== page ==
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City prevails in Strawberry Fields ruling 

click to enlarge The Broadmoor aims to build a horse stable and picnic pavilion on its new land. - CASEY BRADLEY GENT
  • Casey Bradley Gent
  • The Broadmoor aims to build a horse stable and picnic pavilion on its new land.
Less than a month after the Jan. 9 oral arguments, the Colorado Court of Appeals handed the city of Colorado Springs a victory, ruling that no vote of the people was necessary to trade the city’s open space, known as Strawberry Fields, to The Broadmoor.

Save Cheyenne, a nonprofit formed to oppose the 2016 land swap, immediately said the case isn’t over. “We’re looking to go to the [Colorado] Supreme Court,” Save Cheyenne spokesperson Kent Obee says. The group will ask the high court to hear the case but the Supreme Court rejects more cases than it accepts.

Mayor John Suthers, a former Colorado attorney general who orchestrated the land swap, countered by asserting the unanimous decision speaks well for the city’s position that the city can legally trade the land, purchased in 1885 after voters granted permission.

“I thought the trial judge’s opinion was very thoughtful and well-written, so I’m not the least bit surprised that it was upheld by the Court of Appeals,” he says in an interview. He adds the city isn’t likely to seek its attorney fees and costs from Save Cheyenne, because the city doesn’t view the lawsuit as frivolous.

The 186-acre Strawberry Fields, in North Cheyenne Cañon park, was part of a deal that also gave the resort a small parking lot near the Manitou Incline. In return, the city received more than 400 acres of wilderness property, easements for various trails and a roughly 9-acre tract immediately east of Bear Creek Regional Park.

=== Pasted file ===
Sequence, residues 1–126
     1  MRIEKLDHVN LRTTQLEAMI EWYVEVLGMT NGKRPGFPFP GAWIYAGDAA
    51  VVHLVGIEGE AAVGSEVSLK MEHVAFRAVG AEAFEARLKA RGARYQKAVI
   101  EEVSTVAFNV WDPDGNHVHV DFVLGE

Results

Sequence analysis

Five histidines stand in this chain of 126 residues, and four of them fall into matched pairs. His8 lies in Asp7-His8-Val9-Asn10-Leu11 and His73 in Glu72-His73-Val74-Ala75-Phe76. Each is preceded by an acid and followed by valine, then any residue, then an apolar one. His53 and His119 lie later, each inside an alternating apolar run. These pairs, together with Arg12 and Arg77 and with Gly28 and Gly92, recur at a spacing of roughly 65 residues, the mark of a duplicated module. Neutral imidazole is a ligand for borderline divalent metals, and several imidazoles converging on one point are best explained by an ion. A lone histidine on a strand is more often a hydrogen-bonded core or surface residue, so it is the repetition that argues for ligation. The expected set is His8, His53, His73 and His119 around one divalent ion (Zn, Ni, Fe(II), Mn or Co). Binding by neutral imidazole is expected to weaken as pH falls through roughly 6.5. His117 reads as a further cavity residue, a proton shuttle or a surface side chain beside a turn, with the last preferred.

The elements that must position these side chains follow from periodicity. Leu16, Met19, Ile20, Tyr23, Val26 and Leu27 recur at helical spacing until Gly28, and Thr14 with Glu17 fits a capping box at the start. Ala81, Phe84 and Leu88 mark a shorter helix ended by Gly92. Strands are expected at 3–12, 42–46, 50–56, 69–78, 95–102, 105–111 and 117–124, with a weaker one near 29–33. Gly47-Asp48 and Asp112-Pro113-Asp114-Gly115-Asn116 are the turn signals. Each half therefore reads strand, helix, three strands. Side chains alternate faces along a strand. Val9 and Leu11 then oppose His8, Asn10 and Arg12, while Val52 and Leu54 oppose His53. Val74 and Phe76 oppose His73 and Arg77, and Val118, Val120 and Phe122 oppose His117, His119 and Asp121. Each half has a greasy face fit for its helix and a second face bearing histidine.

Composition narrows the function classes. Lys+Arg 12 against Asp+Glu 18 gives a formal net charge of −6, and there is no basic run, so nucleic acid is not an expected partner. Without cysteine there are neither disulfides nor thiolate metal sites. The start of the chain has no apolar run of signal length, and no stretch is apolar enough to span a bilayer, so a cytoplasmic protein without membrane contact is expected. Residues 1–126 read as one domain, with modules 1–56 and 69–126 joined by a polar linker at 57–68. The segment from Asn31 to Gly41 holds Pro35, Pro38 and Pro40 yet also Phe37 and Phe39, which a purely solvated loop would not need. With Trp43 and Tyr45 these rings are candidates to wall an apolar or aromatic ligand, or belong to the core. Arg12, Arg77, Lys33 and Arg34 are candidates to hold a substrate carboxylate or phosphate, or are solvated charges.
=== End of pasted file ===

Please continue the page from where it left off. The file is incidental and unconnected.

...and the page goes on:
Appraisals show The Broadmoor’s land value exceeded that of the city’s land, but an appraisal of Strawberry Fields came into dispute when the Colorado Board of Real Estate Appraisers ruled, in response to a complaint, that the appraisal didn’t follow standard appraisal practices. The board ordered the appraiser, Kyle Wigington, to pay a fine and take classes in such things as highest and best use and other appraisal skills.

Save Cheyenne asserted that land received by the city isn’t worth as much as the open space, which is unconstitutional if the exchange constituted a “gift” from the government to a corporation. The city (and The Broadmoor, which intervened in the case), argued there was no gift and that there’s no deed restriction that trumps the city’s home rule powers.

Though some City Councilors showed concern that land values may have been incorrectly stated, no attempt has been made to undo the deal. The Broadmoor plans to build a horse stable and picnic pavilion on about 8 acres amid the open space for use by its guests, while the balance has been placed under a conservation easement overseen by Palmer Land Trust and opened for public use.

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